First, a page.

FOX5 Atlanta – Gov. Brian Kemp says Georgia is on track to meet the criteria to begin easing social distancing and reopening Georgia’s economy as health officials continue battling the spread of COVID-19.
In a recent press conference, Kemp brought up the struggles of contract workers, small businesses, and Georgia farmers, saying that he “hears the concerns of those I am honored to serve” and that the state has been seeing positive signs that lead him to start the process of reopening the state.
The governor mentioned that one of the major focuses to meet the requirements of President Donald Trump’s guidelines would be testing. In order to do so, the state would be partnering with the Georgia Health system to “double down” on testing capacity.
Gov. Brian Kemp announced the next steps in reopening Georgia, allowing certain businesses to resume operations by following certain restrictions.
“Testing defines the battlefield and aids our long term strategy,” Kemp said, bringing up that the National Guard would be working with GEMA to help with testing thousands of Georgians.
With the latest coronavirus cases, Kemp said the state was a place on the curve that hospitals could resume elective surgeries which were deemed essential.
Given the favorable data, Kemp said that gyms, fitness centers, bowling alleys, beauty shops and salons, barbershops, body art studios, and more would be able to open Friday, April 24.
Kemp said the reopening of these businesses “would not be business-as-usual” and would require companies to implement changes to ensure sanitation mandates and social distancing.
The governor also said that movie theaters and restaurants, which were previously banned from in-person dining, would be allowed to reopen on Monday, April 27 with certain restrictions to be announced later this week. That delay would allow Georgia more time to flatten the curve and allow the businesses to prepare to be ready to open.
Georgia reopens when the CDC is based right here in Atlanta? Make it make sense. 🤔🤔🤔
— Everything Georgia (@GAFollowers) April 21, 2020
“By taking this measured action, we will get Georgians back to work safely, without undermining the progress we all have made in this battle against COVID-19,” Kemp said. “Today’s announcement is a small step forward and should be treated as such.”
“We definitely have a plateauing and what appears now, a decline,” Dr. Kathleen Toomey said
Bars, nightclubs, and amusement parks would remain closed until further notice, the governor said.
“Georgians who are small business owners, those people have good common sense and we’re trusting them to use it, but if they abuse it, we will take further action,” Kemp said. “But I believe they can do it as part of this measured approach.”
While Georgians may be cautious going back to businesses, Kemp said that he hopes the private sector could help convince them.
“If they don’t, we have the ability to act on that,” he said.
The governor also urged religious institutions to continue to help with social distancing. He asked faith leaders to heed the advice of the Centers for Disease Control and Prevention and continue drive-in and online services to help with those guidelines.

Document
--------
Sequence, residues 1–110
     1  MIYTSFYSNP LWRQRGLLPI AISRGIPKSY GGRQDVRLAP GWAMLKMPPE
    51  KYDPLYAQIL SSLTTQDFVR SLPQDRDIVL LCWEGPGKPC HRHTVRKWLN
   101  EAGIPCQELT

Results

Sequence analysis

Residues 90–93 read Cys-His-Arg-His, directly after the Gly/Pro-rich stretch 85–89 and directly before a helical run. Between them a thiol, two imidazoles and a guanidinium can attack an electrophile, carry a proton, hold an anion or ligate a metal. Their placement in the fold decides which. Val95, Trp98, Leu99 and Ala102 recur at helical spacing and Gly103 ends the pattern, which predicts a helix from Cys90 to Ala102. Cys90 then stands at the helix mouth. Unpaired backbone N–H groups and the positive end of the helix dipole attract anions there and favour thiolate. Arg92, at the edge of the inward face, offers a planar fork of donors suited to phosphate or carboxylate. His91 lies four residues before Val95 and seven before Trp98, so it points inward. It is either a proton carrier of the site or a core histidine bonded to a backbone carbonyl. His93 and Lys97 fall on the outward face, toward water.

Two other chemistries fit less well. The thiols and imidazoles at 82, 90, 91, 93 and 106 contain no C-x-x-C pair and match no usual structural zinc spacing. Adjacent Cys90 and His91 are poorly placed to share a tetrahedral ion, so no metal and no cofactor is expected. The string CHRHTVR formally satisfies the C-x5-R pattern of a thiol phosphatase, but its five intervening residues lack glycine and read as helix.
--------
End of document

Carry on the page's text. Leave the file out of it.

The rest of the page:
Georgia DPH Commissioner Dr. Kathleen Toomey and state officials discuss the data that is driving the decision to slowly begin to reopen the state.
“I think this is the right approach at the right time,” Kemp said. “It’s not just throwing the keys back to the owners of the businesses.”
Kemp said with the reopenings he expected cases of the virus to increase, but believed that the state would be able to stay on top of it with increased hospital capacity. State officials would also be on the lookout for any possible hot spots for the virus.
“These are tough decisions, no doubt. And I will have to make more of them,” Kemp said, adding that he didn’t “give a damn about politics right now” when asked what the political impact of his decisions might be.
Gov. Brian Kemp spoke candidly when asked how the decisions he is making in Georgia’s COVID-19 response have weighed on him.
Dr. Kathleen E. Toomey, commissioner of the Georgia Department of Public Health said that the state’s decision to slowly begin to reopen has been driven by data collected about coronavirus cases.
“We definitely have a plateauing and what appears now, a decline, and by the end of the week and certainly by the end of shelter in place, that will be a two-week decline that’s required to remove the shelter in place, more than a two-week decline,” Toomey said, adding the number of deaths from the coronavirus has also dramatically declined.
She credited that with the healthcare system being aggressive and expanded testing.
Health officials say Georgia’s death toll from COVID-19 has risen above 700 as new numbers were reported Monday at noon. At least 733 deaths statewide have been linked to the virus, the Georgia Department of Public Health said. Infections have been confirmed in nearly 19,000 people.
For most people, the coronavirus that caused this year’s pandemic causes mild or moderate symptoms. For some, it can cause severe illness such as pneumonia, or even death.
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